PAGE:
Your comments?

3 comments:

S. Stephani Soejono 11:41 AM  

It struck me as pretty stupid and ignorant that you expect mo-cap to be cheaper, like you say. First you gotta pay the actors to move, actors to speak, then we need animators to "clean up" the movement. So frankly, why bother really?Might as well make a 2d/live-action/ CG feature and be done with it

Michael Sporn 7:37 AM  

I think the rotoscoped animation of "A Scanner Darkly" is appropriate to this specific film; it creates a duality in the characters and the audience. This is the whole subject of the film, and it's a good film.

In "Waking Life" I thought the animation would have been better if it had been animated in a traditional and more "cartoony" look. Then we would have had an intelligent animated film with potentially exciting graphics.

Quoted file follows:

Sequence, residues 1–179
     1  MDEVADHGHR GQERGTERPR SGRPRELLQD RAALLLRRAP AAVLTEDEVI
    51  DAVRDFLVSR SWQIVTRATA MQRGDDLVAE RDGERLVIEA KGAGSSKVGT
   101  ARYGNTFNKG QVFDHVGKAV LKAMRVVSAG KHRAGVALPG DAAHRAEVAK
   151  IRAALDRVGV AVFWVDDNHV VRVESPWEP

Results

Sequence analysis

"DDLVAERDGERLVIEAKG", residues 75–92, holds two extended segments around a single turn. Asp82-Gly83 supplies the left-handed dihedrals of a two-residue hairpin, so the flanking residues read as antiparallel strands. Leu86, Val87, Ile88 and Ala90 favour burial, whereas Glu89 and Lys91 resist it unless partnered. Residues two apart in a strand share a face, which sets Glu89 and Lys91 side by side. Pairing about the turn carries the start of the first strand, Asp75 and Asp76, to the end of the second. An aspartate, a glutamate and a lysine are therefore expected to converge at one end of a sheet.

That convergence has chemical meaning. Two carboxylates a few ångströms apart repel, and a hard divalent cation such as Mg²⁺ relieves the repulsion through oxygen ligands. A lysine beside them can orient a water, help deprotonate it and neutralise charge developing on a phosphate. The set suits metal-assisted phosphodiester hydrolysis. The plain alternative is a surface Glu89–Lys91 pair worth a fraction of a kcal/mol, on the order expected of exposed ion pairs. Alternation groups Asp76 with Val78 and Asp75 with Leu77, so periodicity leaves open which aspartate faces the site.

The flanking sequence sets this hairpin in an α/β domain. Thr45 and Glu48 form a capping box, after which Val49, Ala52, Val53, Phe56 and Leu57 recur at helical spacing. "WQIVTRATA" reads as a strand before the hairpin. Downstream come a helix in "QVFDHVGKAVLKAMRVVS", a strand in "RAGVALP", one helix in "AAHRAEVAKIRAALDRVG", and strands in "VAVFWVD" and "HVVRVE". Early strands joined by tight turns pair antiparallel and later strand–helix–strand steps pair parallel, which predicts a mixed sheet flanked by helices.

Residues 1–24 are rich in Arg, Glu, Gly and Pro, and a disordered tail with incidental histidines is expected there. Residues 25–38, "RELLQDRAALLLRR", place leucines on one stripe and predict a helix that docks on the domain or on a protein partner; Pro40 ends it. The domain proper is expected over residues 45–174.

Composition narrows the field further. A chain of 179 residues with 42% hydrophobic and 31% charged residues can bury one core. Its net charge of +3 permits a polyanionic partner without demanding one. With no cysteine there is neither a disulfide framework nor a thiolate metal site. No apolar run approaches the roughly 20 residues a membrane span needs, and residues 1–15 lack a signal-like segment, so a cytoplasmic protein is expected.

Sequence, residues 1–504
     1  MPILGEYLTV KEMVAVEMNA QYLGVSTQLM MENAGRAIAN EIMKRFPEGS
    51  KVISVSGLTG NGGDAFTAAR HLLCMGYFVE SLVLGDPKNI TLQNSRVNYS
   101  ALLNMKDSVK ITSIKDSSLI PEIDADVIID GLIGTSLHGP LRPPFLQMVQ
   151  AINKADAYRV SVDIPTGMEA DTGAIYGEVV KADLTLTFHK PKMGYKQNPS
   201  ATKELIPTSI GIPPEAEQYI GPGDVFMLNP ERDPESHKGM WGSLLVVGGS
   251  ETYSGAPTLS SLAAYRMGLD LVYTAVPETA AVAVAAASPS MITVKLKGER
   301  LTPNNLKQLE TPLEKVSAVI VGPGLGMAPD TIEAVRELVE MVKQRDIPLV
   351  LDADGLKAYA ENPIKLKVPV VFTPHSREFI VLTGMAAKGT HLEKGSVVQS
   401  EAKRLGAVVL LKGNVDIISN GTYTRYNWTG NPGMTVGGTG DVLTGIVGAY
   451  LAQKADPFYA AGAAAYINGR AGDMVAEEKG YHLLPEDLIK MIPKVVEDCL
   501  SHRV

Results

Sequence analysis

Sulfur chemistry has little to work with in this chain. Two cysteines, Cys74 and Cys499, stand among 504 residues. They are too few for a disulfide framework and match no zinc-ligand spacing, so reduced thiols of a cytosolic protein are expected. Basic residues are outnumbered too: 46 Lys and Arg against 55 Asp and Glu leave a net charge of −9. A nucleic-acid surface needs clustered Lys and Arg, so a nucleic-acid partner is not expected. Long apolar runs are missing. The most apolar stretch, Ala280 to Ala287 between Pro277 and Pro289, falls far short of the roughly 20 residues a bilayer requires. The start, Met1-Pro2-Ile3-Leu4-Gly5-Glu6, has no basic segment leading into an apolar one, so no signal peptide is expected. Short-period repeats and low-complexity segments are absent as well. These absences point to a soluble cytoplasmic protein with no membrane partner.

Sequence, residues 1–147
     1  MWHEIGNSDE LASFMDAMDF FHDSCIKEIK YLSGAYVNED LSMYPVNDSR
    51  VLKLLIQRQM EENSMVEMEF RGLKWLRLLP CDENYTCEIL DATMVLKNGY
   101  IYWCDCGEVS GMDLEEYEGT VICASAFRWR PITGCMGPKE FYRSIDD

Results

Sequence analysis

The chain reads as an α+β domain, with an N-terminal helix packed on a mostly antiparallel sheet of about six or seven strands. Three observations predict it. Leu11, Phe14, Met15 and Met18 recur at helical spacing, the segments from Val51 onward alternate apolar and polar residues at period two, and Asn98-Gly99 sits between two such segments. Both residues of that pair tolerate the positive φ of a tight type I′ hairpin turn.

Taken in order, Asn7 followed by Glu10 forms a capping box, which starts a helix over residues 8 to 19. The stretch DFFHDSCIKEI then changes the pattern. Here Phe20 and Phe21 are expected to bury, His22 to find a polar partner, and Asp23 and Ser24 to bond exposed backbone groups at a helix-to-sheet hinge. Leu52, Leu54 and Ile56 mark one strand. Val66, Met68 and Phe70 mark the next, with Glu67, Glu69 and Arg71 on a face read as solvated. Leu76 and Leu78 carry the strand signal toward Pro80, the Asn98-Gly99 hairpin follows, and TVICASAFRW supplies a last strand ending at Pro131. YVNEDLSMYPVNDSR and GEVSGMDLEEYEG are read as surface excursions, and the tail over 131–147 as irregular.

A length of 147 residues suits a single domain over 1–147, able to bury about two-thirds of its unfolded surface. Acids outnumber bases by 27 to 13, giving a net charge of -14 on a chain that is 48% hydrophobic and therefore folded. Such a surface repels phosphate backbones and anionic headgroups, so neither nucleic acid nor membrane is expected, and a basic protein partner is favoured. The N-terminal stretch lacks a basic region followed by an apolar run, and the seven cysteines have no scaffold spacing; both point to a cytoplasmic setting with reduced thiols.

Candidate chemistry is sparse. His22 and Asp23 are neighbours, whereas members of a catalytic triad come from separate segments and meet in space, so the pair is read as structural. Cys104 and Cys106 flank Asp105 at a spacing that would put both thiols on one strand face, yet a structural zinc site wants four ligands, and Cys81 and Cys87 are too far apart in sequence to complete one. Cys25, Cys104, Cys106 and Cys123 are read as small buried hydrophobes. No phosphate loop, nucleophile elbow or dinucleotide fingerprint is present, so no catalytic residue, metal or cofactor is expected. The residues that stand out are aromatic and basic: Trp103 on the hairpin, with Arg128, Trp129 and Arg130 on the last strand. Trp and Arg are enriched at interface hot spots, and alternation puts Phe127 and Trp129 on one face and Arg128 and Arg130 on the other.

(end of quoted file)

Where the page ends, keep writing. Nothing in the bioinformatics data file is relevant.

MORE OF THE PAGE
I don't see the possibilities in motion capture other than to cheat animation. Why do it?

Cooked Art 9:47 PM  

Steph - of course I agree!

Hey Mike - thanks for the linkage! I agree that A Scanner Darkly is a much more appropriate film for the medium - especially since it's plot is so intertwined with the need to have visuals that would be difficult to meld if it was just a live action film with cgi effects.

As for motion capture - it's purely a method to attempt to downsize the cost of animated features by making less people have to actually work on the end product - or at least is being developed so one day it can be as such. I definetly see it as the enemy!